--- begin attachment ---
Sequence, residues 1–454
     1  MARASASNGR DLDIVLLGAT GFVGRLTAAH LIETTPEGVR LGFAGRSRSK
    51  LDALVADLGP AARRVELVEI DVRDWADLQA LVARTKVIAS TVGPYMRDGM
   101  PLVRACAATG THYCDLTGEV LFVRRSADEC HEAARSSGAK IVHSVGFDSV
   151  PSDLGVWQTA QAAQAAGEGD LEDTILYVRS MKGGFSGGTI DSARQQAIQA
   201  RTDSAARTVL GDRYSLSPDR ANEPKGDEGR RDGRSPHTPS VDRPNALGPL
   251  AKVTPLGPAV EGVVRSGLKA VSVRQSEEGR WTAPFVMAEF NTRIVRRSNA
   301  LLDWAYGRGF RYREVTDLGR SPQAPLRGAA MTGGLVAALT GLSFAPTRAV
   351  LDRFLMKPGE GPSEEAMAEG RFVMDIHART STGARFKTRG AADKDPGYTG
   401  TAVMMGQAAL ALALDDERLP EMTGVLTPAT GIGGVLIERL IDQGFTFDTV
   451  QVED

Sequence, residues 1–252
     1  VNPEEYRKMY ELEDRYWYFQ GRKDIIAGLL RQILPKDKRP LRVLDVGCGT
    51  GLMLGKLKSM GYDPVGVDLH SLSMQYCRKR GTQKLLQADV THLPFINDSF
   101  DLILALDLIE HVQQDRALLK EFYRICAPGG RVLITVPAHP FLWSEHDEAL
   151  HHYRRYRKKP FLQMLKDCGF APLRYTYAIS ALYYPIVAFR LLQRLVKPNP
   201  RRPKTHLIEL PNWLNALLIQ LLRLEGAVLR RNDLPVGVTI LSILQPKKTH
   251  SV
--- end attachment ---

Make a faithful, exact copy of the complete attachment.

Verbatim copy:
Sequence, residues 1–454
     1  MARASASNGR DLDIVLLGAT GFVGRLTAAH LIETTPEGVR LGFAGRSRSK
    51  LDALVADLGP AARRVELVEI DVRDWADLQA LVARTKVIAS TVGPYMRDGM
   101  PLVRACAATG THYCDLTGEV LFVRRSADEC HEAARSSGAK IVHSVGFDSV
   151  PSDLGVWQTA QAAQAAGEGD LEDTILYVRS MKGGFSGGTI DSARQQAIQA
   201  RTDSAARTVL GDRYSLSPDR ANEPKGDEGR RDGRSPHTPS VDRPNALGPL
   251  AKVTPLGPAV EGVVRSGLKA VSVRQSEEGR WTAPFVMAEF NTRIVRRSNA
   301  LLDWAYGRGF RYREVTDLGR SPQAPLRGAA MTGGLVAALT GLSFAPTRAV
   351  LDRFLMKPGE GPSEEAMAEG RFVMDIHART STGARFKTRG AADKDPGYTG
   401  TAVMMGQAAL ALALDDERLP EMTGVLTPAT GIGGVLIERL IDQGFTFDTV
   451  QVED

Sequence, residues 1–252
     1  VNPEEYRKMY ELEDRYWYFQ GRKDIIAGLL RQILPKDKRP LRVLDVGCGT
    51  GLMLGKLKSM GYDPVGVDLH SLSMQYCRKR GTQKLLQADV THLPFINDSF
   101  DLILALDLIE HVQQDRALLK EFYRICAPGG RVLITVPAHP FLWSEHDEAL
   151  HHYRRYRKKP FLQMLKDCGF APLRYTYAIS ALYYPIVAFR LLQRLVKPNP
   201  RRPKTHLIEL PNWLNALLIQ LLRLEGAVLR RNDLPVGVTI LSILQPKKTH
   251  SV